Activated carbon with ultrahigh specific surface area synthesized from natural plant material for lithium–sulfur batteries†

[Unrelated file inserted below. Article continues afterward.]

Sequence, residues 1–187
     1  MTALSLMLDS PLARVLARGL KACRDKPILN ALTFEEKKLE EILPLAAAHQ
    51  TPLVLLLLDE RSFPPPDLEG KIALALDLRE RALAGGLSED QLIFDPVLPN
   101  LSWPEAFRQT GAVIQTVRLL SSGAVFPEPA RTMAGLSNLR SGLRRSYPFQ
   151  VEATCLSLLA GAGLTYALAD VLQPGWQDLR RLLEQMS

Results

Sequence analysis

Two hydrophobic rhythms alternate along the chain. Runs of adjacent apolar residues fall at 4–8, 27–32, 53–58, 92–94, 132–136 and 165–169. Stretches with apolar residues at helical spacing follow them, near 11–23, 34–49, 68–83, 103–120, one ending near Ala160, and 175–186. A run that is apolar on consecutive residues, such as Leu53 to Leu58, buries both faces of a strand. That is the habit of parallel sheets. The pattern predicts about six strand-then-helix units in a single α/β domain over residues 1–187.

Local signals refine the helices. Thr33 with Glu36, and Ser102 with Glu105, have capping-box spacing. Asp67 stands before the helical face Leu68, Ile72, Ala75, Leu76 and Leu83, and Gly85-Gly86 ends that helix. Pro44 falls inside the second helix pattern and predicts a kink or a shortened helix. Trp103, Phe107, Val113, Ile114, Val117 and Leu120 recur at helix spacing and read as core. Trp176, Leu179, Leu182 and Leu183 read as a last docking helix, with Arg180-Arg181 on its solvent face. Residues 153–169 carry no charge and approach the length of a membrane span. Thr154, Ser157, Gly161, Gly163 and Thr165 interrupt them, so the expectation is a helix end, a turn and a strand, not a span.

Porous activated carbon with a ultrahigh specific surface area (3164 m2 g−1) and large pore volume (1.88 cm3 g−1) was prepared from waste litchi shells with channel-like macropores via a KOH activation method. The macroporous structure of litchi shells is believed to be conducive to distribute the activation agent, which enables sufficient activation. The as-prepared activated carbon was developed as a conducting framework for lithium–sulfur battery cathode materials. The resulting activated carbon/sulfur composite cathode possesses a high specific capacity, good rate capability, and long-term cycling performance. At 200 mA g−1 current density, the initial discharge capacity of the activated carbon/sulfur composite cathode with 60 wt% sulfur content is 1105 mA h g−1. At a current density of 800 mA g−1, the activated carbon/sulfur composite cathode shows 51% capacity retention over 800 cycles with a fade rate of 0.06% per cycle. The coulombic efficiency of the cell remains at approximately 95%. By adding LiNO3 in the electrolyte, the activated carbon/sulfur composite electrode tested at 800 mA g−1 shows a high coulombic efficiency (>99%). The activated carbon/sulfur composites exhibited similar capacity value and cycling trends with an increase in sulfur content from 60% to 68%. The good electrochemical performance can be attributed to the excellent structural parameters of the activated carbon. The ultrahigh specific surface area and large pore volume not only enhances the sulfur content but also ensures dispersion of elemental sulfur in the conducting framework, thereby improving sulfur utilization. The small nanopores of the activated carbon can effectively inhibit the diffusion of polysulfides during the charge/discharge process.